Native fish spawning habitat: It’s more than just rocks in the river - Part 2

Defining restoration goals of an adaptive management native fish spawning habitat in the Detroit River.

The rock was placed with a crane, scoop by scoop, to ensure accurate placement. Photo: Michigan Sea Grant
The rock was placed with a crane, scoop by scoop, to ensure accurate placement. Photo: Michigan Sea Grant

Part 1 of this series documented the beginning of a native fish habitat restoration project in the Detroit River. Now we will explore how a project team that included Michigan Sea Grant, Michigan State University Extension, United States Geological Survey and others developed a strategy for defining restoration goals. 

To begin, the team dumped some rocks in the river. Abracadabra, habitat restored! Well, not quite.

When referring to habitat, the term “restoration” can be confusing. In a sense, the project team is restoring a habitat feature that once existed somewhere in the river. The river bottom, especially in the lower Detroit River, was once rocky.

However, today, areas of the Detroit and St. Clair rivers are relatively smooth-bottomed — blasted away years ago to make way for large ships. Throughout the corridor (as the rivers are sometimes called, since they provide the connecting link from Lake Huron to Lake Erie) sections of the river bottoms were dredged and dynamited for navigation, stripping away the natural rock structure once found there.

While scientists don’t know for certain where fish spawned more than 100 years ago in the rivers, the team was able to use historical documents — an atlas of reputed spawning sites along the river and geologic maps showing where bedrock shelves are and were — to choose the best site. Reefs were not necessarily being built where they had once naturally existed, but by creating reefs, the team is restoring habitat that fish find desirable.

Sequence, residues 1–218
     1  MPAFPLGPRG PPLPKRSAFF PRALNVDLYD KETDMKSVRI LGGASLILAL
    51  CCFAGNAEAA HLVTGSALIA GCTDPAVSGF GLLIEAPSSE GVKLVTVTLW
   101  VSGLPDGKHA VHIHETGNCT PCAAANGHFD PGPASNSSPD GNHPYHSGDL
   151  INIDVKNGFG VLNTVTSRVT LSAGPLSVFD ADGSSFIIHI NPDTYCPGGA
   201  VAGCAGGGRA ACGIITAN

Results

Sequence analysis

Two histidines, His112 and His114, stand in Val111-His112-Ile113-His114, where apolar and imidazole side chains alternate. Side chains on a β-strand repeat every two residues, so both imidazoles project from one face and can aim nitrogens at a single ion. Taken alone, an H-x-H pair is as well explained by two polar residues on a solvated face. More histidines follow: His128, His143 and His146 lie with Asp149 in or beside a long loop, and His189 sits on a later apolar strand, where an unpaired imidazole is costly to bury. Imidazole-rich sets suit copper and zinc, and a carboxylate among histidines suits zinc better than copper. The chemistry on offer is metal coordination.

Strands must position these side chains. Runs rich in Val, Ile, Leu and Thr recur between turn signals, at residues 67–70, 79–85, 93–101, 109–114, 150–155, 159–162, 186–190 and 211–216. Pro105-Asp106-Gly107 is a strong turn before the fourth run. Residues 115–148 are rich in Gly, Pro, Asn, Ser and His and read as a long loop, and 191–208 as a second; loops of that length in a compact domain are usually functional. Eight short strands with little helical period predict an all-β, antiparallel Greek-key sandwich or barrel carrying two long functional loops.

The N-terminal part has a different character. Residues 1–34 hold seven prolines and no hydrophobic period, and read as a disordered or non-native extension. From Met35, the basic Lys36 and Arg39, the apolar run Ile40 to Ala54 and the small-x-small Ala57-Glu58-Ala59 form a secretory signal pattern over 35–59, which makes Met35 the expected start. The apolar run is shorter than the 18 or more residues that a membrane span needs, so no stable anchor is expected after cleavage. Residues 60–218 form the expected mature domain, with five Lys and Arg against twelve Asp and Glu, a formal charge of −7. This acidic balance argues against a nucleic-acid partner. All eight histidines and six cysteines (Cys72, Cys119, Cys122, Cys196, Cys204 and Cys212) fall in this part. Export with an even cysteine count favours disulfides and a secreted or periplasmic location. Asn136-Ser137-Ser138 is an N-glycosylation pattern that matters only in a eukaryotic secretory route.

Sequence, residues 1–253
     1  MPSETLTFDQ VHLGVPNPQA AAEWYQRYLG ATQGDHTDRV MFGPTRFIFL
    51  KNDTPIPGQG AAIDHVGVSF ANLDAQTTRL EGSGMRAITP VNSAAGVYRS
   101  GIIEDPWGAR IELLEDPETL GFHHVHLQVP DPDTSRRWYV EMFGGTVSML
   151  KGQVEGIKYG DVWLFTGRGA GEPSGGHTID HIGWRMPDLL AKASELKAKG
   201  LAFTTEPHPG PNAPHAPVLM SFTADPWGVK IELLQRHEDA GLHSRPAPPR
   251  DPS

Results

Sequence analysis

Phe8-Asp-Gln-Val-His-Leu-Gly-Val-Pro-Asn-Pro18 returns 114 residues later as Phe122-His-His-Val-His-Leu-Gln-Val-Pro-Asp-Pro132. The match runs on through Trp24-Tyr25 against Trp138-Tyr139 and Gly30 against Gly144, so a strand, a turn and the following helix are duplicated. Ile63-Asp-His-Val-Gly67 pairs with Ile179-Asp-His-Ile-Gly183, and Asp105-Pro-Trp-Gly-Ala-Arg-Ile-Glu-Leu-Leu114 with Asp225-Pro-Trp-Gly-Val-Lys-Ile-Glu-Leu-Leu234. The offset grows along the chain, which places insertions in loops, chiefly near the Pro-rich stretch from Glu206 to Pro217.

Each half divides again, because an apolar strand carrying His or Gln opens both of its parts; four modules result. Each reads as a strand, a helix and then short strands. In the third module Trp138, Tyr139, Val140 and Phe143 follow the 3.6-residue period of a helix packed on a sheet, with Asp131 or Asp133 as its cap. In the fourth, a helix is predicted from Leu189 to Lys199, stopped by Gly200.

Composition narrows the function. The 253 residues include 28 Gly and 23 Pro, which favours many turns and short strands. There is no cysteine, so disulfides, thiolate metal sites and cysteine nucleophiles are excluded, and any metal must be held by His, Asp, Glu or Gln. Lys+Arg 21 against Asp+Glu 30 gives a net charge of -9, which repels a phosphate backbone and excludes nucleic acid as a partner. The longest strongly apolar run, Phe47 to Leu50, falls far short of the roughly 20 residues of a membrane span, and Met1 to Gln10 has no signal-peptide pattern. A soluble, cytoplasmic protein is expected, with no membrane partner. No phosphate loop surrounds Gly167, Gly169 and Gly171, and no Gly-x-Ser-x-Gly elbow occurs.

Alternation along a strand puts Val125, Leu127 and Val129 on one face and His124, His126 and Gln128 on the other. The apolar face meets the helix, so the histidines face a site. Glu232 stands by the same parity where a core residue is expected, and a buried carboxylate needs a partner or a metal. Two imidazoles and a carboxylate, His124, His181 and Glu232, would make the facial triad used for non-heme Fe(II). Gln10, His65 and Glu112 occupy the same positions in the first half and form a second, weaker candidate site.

“We hope that by re-creating lost spawning habitat we will help restore native fish populations. These connecting channels are some of the only free-flowing rivers left in the Great Lakes,” said Lynn Vaccaro, coastal ecosystem research specialist at the University of Michigan Water Center and former Michigan Sea Grant researcher.

“They run through some of the most developed areas of the region, and yet, the corridor still continues to sustain the largest remaining population of sturgeon in the Great Lakes and vibrant populations of other species like walleye. The idea is to use the fairly strong population in the St. Clair and Detroit rivers to bolster populations throughout the corridor, and eventually they’ll spread out from there.”

So, when we talk about restoration here, Vaccaro said, we can easily mean both the rebuilding of habitat and the rebound of native fish populations.

Michigan Sea Grant helps to foster economic growth and protect Michigan’s coastal, Great Lakes resources through education, research and outreach. A collaborative effort of the University of Michigan and Michigan State University, Michigan Sea Grant is part of the NOAA-National Sea Grant network of 33 university-based programs.

Read the full series

“Native fish spawning habitat: It’s more than just rocks in the river”

Part 1: The beginning

Part 2: Strategy

Part 3: Assessment

Part 4: New projects

Part 5: Project benefits

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